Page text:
As recently as February of 2020, many sellers expected to receive an all-cash deal for their sale. But now—because of uncertainty concerning a post-pandemic market—buyers are deploying other tools that might give practices the valuations they held in 2019, but with some safeguards to the risk still present in the market. Some of these tools include deferred payouts, equity packages, and earnouts. Equity packages, in particular, look to be especially appealing for hesitant sellers, whether they’re younger practitioners who think there’s a high ceiling for growth at their practice, or those who put in the “sweat equity” last year to adapt and persevere through COVID headwinds and are reluctant to exit now.”

Andrew Smith, Executive Director, Association of Dental Support Organizations (ADSO)

“To date, 2021 has been a strong rebounding year for the dental industry. After a majority of dental offices were temporarily closed for part of 2020, we have finally begun to see the expanded integration of health in dentistry. For some time, dentists in many states have helped with other health care measures including screening for high blood pressure and diabetes, all pointing to the general implications on wellness. Now, with dentists joining the ranks of those approved to deliver the COVID-19 vaccine, there is an opportunity for collaboration on innovative care models. Oral health ties to overall health, and as the COVID-19 pandemic continues to change the face of health care, we predict that dentistry will increasingly be viewed as an essential service in a holistic health care model.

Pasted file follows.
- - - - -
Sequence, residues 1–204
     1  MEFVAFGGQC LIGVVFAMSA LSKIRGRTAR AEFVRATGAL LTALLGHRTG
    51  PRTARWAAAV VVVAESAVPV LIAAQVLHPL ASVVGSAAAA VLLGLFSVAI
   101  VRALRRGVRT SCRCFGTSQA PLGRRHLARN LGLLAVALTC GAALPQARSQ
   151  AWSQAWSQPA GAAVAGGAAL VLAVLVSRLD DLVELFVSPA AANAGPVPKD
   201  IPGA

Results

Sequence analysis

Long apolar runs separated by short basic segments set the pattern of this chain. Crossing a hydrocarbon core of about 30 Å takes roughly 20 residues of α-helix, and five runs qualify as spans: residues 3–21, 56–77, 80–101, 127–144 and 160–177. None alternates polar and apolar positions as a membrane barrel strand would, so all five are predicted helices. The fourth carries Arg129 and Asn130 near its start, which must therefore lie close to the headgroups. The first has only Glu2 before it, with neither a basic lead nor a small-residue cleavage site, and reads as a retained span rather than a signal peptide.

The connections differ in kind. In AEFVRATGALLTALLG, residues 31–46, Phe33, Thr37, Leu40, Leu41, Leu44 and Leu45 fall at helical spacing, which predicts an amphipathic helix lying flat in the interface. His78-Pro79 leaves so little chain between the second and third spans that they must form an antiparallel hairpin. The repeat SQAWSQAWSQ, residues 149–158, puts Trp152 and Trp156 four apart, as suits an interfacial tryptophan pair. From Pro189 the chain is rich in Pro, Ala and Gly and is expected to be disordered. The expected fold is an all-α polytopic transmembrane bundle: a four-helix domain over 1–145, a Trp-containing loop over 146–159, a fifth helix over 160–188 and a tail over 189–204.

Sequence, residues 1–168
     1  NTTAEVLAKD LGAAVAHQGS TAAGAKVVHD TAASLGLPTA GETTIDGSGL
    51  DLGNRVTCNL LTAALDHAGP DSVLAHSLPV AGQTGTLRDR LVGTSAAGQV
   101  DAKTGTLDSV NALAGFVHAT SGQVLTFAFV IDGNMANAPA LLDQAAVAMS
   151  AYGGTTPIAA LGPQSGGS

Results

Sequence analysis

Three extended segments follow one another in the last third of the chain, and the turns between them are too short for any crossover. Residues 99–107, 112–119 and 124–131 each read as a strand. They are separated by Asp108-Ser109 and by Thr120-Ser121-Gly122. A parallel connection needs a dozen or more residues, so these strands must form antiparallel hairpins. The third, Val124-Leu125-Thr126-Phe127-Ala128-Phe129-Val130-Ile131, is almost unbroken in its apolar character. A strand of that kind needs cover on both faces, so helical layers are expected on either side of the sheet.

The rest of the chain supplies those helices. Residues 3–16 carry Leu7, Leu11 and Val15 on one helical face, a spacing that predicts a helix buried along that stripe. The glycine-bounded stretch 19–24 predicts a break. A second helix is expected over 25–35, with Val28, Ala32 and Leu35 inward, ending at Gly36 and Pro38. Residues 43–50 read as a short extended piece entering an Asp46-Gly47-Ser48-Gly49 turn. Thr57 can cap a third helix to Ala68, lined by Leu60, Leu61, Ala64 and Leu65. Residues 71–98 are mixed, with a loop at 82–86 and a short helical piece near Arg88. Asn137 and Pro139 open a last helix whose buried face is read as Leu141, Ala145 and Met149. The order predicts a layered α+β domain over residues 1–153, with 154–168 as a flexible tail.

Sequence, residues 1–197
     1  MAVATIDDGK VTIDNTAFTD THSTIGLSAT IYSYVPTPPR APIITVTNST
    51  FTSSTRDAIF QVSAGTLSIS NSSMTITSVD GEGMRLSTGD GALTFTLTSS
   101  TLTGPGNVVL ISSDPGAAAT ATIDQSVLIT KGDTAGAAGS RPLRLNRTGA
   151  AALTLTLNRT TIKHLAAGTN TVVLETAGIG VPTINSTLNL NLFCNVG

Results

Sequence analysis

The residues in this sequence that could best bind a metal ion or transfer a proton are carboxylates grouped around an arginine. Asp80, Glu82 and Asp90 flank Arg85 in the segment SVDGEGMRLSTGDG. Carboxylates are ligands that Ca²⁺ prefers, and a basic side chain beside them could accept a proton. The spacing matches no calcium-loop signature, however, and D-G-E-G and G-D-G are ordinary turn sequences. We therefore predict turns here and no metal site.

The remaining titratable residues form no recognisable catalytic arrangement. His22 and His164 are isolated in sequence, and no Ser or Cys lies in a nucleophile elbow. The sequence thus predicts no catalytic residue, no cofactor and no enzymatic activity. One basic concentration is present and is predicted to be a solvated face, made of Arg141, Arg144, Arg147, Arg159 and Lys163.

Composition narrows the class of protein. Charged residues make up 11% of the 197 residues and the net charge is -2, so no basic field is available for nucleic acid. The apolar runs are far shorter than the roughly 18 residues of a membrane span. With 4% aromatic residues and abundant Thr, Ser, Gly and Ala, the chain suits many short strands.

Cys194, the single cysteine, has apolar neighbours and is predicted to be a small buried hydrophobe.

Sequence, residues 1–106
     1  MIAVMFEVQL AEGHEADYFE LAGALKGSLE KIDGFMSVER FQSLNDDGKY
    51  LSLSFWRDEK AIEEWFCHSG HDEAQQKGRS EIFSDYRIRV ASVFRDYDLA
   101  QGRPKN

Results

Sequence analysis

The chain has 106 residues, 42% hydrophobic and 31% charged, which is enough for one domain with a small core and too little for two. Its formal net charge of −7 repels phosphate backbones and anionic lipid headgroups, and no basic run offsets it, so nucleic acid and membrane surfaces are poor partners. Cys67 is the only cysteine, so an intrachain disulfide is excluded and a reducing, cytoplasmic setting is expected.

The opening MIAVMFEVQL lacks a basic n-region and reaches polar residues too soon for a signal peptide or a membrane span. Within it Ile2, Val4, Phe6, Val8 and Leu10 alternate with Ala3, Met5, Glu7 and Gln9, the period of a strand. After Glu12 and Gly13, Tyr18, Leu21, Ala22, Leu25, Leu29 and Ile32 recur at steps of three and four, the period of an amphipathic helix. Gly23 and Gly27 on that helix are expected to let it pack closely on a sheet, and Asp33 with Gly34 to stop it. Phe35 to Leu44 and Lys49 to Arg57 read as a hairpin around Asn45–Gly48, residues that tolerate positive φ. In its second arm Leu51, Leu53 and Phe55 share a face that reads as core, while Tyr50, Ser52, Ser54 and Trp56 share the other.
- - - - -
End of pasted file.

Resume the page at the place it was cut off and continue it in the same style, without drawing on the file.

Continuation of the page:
Specifically, for the growth of DSOs, the ability to provide great quality care and efficient office management is invaluable. With mobility and work-life balance, DSOs will continue to help dentists by offering necessary business support which allows them more time to focus on their patients. In turn, there is expanded access to care in underserved and rural communities due to the cost efficiencies of collective buying power. The Association of Dental Support Organizations (ADSO) contributes to the growth of DSOs by providing industry leading support in government relations, best practices and networking opportunities, facilitating assistance to dentists and the communities they serve.

For the ADSO, there is a commitment to providing the knowledge on what a dental support organization is and the benefits to the entire dental industry. With the effort, there is the educational piece that factors into how the DSO model is changing. Labeling as a DSO is no longer enough. It’s a dynamic process of continuous growth and stakeholder engagement to elevate the dental advocacy aspect of the business. Ultimately, the ADSO seeks to build a strategic vision for the organization, define and expand dental advocacy, and discuss the crucial role of DSOs in dentistry.”

Austin Hair, Partner & Business Development Manager, Leaders Real Estate

“2021 is off to a roaring start in the dental real estate world as many dental providers and DSOs resume normal growth cycles. While real estate remains at all-time high values, many operators continue to wait for the market to reset. Due to continued government support, we see the market in a bit of shock mode. The effects of the pandemic on commercial real estate state have not been greatly recognized yet; and we don’t see any immediate changes until the government and banks resume normal activities and reduce the assistance and eviction programs.

We anticipate a significant ripple once the programs elapse and we get back to normal. However, it will disproportionately affect real estate classes. “A” areas will be less affected than “B” areas and so on. This leaves “D” areas the most at risk. The balance of this shake-up, in addition to the Fed’s control of interest rates, will play heavily into the future landscape and opportunity in commercial real estate.

Healthcare is growing in desirability among retail landlords. The pandemic has continued to shift the acceptance of healthcare practices occupying retail spaces while many retail sectors continue to be disrupted. The focus on the next several years will be optimizing their locations. While we will continue to see de-novo-based growth, the long-term effects of vacancy will provide savvy operators the opportunities to “upgrade” their practices by relocating to become more patient accessible and convenient.”